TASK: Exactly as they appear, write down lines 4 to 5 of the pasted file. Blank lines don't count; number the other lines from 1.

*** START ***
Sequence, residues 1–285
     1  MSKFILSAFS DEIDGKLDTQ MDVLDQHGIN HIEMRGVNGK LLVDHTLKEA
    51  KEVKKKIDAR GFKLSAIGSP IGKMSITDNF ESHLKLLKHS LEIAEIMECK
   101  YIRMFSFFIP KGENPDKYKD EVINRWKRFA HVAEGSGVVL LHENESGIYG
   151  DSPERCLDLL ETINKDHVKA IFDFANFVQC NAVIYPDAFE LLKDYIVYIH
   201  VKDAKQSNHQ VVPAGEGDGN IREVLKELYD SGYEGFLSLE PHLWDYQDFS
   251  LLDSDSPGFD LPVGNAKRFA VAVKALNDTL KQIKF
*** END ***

   101  YIRMFSFFIP KGENPDKYKD EVINRWKRFA HVAEGSGVVL LHENESGIYG
   151  DSPERCLDLL ETINKDHVKA IFDFANFVQC NAVIYPDAFE LLKDYIVYIH